Design L34 by Glenfield Company Limited offers a square pedestal with geometric pattern on the base. All four sides have a panel edged with cable fret; the panel on the east side has a lion mascaron with a large circular flower or sun motif and a central button that activates the release of water. The manufacturer’s name is engraved below the mascaron; Glenfield Co. / Limited / Kilmarnock. A studded cornice beneath the capital supports a square base with nail head moulding surmounted with an urn finial (the original design offered a lamp post).

Glossary

  • Capital, the top of a column that supports the load bearing down on it
  • Cornice, a molding or ornamentation that projects from the top of a building
  • Finial, a sculptured ornament fixed to the top of a peak, arch, gable or similar structure
  • Fret, running or repeated ornament
  • Mascaron, a decorative element in the form of a sculpted face or head of a human being or an animal
  • Nail head molding, a series of low four-sided pyramids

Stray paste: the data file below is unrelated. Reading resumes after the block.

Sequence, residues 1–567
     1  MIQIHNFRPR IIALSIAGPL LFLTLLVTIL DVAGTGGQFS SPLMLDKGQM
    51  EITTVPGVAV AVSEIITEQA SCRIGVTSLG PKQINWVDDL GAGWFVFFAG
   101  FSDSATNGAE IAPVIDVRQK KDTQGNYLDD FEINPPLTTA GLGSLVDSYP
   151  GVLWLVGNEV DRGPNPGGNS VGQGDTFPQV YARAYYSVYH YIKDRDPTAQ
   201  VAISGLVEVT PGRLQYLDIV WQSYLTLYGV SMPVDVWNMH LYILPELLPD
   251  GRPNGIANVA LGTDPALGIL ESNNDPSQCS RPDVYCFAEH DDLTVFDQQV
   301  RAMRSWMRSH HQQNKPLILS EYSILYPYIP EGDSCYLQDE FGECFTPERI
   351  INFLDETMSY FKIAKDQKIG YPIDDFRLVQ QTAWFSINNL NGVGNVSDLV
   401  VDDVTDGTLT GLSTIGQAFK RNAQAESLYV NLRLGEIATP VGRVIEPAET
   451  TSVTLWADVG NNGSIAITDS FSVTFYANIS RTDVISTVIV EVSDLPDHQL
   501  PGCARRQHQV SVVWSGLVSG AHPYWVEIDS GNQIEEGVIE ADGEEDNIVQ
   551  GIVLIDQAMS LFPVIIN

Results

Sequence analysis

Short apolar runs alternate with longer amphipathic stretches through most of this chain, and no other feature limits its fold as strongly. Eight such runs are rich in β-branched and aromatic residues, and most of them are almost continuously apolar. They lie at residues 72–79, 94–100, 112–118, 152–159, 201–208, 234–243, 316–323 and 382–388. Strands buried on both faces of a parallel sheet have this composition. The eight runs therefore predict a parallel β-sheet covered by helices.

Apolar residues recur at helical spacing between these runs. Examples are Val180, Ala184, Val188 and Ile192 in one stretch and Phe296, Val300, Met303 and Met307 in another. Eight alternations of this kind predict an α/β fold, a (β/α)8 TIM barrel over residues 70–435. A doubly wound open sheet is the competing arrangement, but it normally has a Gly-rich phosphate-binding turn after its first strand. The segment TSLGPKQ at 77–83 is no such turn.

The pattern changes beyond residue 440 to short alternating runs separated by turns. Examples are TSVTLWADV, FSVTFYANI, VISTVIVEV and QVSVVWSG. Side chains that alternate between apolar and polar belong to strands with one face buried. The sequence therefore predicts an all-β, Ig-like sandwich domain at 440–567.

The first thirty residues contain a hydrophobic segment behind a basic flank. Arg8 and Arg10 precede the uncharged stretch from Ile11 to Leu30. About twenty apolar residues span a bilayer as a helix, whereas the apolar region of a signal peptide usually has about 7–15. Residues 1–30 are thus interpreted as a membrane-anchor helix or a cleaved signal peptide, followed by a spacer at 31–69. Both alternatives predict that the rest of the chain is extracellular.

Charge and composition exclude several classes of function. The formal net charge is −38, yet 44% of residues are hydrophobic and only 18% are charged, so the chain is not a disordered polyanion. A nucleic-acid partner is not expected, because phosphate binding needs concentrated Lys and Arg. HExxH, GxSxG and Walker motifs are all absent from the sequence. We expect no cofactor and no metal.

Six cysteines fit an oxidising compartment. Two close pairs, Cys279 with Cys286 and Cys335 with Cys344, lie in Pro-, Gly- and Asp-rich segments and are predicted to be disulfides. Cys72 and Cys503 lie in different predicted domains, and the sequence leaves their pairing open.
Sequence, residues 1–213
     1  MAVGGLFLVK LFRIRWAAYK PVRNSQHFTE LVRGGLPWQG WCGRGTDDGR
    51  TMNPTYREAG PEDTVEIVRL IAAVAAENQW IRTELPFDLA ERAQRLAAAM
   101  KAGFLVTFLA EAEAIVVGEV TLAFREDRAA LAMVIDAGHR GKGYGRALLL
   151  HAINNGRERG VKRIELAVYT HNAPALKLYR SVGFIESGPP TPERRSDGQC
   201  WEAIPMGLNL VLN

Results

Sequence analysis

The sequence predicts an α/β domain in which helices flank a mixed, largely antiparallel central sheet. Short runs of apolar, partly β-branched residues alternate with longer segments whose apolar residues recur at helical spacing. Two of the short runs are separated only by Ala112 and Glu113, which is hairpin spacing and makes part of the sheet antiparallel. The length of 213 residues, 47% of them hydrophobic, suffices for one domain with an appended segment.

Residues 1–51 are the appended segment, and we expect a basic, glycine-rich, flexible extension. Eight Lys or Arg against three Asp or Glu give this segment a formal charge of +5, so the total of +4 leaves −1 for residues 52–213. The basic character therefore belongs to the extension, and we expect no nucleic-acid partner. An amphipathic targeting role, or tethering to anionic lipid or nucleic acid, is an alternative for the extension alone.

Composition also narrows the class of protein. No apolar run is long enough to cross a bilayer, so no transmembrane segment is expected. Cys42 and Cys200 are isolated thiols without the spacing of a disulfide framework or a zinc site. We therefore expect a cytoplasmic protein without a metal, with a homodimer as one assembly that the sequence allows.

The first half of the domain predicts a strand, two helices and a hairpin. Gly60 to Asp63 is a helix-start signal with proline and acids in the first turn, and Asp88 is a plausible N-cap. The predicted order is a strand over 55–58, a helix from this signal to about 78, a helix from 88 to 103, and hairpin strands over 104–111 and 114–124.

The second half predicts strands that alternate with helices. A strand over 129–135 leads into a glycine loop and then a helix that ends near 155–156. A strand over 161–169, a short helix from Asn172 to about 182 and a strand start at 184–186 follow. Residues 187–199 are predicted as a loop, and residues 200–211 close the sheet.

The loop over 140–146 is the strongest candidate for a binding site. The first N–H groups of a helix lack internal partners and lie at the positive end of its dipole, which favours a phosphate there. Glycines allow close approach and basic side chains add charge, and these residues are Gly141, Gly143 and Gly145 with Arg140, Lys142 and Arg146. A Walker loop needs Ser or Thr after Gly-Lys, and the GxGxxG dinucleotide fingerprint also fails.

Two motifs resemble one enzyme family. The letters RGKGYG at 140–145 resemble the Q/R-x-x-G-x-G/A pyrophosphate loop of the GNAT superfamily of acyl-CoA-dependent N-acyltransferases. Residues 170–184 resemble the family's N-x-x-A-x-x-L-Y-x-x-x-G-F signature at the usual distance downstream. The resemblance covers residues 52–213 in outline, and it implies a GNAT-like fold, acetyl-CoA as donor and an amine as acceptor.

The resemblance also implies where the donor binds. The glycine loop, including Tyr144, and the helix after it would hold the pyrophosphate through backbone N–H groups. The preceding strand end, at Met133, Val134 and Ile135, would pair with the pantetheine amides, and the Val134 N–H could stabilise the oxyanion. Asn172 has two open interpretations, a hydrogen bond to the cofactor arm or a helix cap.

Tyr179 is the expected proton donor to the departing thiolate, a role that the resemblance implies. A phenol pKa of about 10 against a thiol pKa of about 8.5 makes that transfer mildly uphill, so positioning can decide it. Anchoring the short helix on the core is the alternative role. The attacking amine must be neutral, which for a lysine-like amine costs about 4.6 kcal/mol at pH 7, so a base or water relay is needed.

• Pedestal, an architectural support for a column or statue

 


Saavedra Fountain

Location: Buenos Aires, Argentina

This wall drinking fountain is model D17 cast by the Kennedy Patent Water Meter Co. Ltd. of Kilmarnock, Scotland, now known as Glenfield & Kennedy Ltd. It is inset to the wall of the Luis Maria Saavedra railway station in the Northern end of Buenos Aires. It was installed in 1891 when the station opened.

Buenos_flickr_marzilius

The cast iron backplate has straight sides with arches at the top and bottom of the structure. A central push button released water from a shell motif spigot into a fluted demi-lune basin. A galvanized cup, originally suspended by a chain, captured drinking water from patented self-closing taps.

The fountain hosts several bas-relief inscriptions;

  • Keep The Pavement Dry (civic virtues such as temperance were often extolled in inscriptions on drinking fountains);
  • FCCA; an acronym for Ferrocarril Central Argentino translated as Central Argentina Railway.